Certainly ranking among the top 10 of Pete Carroll’s most common messages to his team is this one: It doesn’t matter how you start, but how you finish.
It seems that one might be worth backing off a little bit.
Although it shows they’re paying attention, the Seattle Seahawks are taking him far too literally . . . especially the offense.
Last season set the tone, when Carroll’s first Seahawks team was outscored 230-128 in first halves. But they’re nowhere near keeping it that competitive in the first four games of 2011, being outscored 67-13 in the first halves. Rallying to “win” the second halves 45-30 has left them 1-3.
They fell behind the Atlanta Falcons 24-7 at halftime on Sunday before turning it into a thrilling 30-28 loss.
It’s not a matter of playing possum, not strategic rope-a-dope. It’s been almost totally about offensive ineffectiveness.
“It’s so different first half to second half,” Carroll said at his Monday afternoon press conference. “It’s surprising the game could be so different. So many things went right for us in the second half.”
Great halftime speech? Special orange slices?
“The whole tempo changed,” he said. “Our guys got going and we did a lot of things that were really positive.”
The offensive line pass protected better than it had all season, it blocked better for the run, and the offense finally generated some big plays.
Carroll’s theory? “We’re not creating much offensively to help us,” he said. “We’ve been OK at times on defense. I really think we need a spark offensively. It’s pretty clear we’ve been able to pick it up at times in the second half. I’d like to see if we can get started faster and get off to a little better rhythm.”
Carroll kept referencing the improved tempo of play, which was enhanced by the no-huddle approach.
Quarterback Tarvaris Jackson said after the game that he tends to over-think situations, and the quickened tempo causes him to play more instinctively.
But it’s been a problem all season, as his first-half passer ratings have been 62.0 and his second-half ratings 91.0.
As is typical of most NFL teams, Carroll said the Sea-hawks have their early offense planned in advance. Those plans have resulted in a single field goal in 60 minutes of first-quarter play this season. Three points.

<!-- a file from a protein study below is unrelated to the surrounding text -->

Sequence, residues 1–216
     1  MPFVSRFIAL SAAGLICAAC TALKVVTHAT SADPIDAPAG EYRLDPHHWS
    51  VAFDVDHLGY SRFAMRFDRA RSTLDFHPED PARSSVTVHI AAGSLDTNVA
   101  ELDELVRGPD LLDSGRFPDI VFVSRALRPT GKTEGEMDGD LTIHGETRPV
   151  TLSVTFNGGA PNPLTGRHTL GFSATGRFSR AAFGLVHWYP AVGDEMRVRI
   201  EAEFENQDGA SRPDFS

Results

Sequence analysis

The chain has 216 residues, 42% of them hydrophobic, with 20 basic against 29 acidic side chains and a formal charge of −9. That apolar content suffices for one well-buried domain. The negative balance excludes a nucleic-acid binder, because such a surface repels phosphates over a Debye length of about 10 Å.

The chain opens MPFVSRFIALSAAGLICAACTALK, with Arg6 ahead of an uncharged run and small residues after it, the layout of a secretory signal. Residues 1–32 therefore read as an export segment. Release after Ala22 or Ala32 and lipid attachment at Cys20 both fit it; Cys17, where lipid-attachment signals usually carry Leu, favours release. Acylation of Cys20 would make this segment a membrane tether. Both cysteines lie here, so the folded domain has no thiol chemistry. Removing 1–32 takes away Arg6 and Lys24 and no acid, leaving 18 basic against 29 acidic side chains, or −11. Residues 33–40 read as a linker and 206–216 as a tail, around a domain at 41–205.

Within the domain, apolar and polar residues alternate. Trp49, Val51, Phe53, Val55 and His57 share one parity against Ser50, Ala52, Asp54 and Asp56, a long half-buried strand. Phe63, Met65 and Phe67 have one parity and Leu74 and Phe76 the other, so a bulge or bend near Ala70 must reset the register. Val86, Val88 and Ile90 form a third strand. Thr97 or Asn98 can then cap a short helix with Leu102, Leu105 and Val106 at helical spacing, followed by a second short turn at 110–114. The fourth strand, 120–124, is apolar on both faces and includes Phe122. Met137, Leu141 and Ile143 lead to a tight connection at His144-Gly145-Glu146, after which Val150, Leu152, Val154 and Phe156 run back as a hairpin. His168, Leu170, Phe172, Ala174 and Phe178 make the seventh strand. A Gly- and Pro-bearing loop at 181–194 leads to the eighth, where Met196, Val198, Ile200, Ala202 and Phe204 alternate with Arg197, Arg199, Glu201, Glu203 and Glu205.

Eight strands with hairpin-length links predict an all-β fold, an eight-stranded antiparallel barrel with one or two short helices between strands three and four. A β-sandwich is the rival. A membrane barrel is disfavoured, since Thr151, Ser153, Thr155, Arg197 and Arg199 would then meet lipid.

Seattle's halftime scores this season have been dismal. The Seahawks trailed 16-0 at San Francisco, 17-0 at Pittsburgh, 10-6 to Arizona and 24-7 against Atlanta.
So, here’s a rather obvious point: Opponents are probably letting up on them after half.
When you have more than a two touchdown lead going into the second half, it’s natural that a team is somewhat drained of the old competitive fervor. Teams defend differently, allowing more underneath passes, or rushing plays that burn the clock.
It’s possible that even if some of the second-half yards and points come easier, it helps build some confidence and momentum that can be harnessed and exploited as the team grows in experience.
“I’m never one that relies on fast starts,” Carroll said. “But at this time, we need to do better than we’re doing. We need to take care of the football and move down the field some, use the clock and get a good look at our opponent and see what’s going on.”
So, fans may expect more of the up-tempo approach early in the game. And maybe opening up the playbook before things get out of hand.
“It’s not too late,” Carroll said of the team’s 1-3 record. “We’ve got to get rolling and get some wins going here.”
This week’s trip back to the Eastern time zone to meet the New York Giants will demand an even quicker start.
Perhaps the Seahawks should try getting to the park on Saturday night and scrimmaging for an hour or two.
Dave Boling: 253-597-8440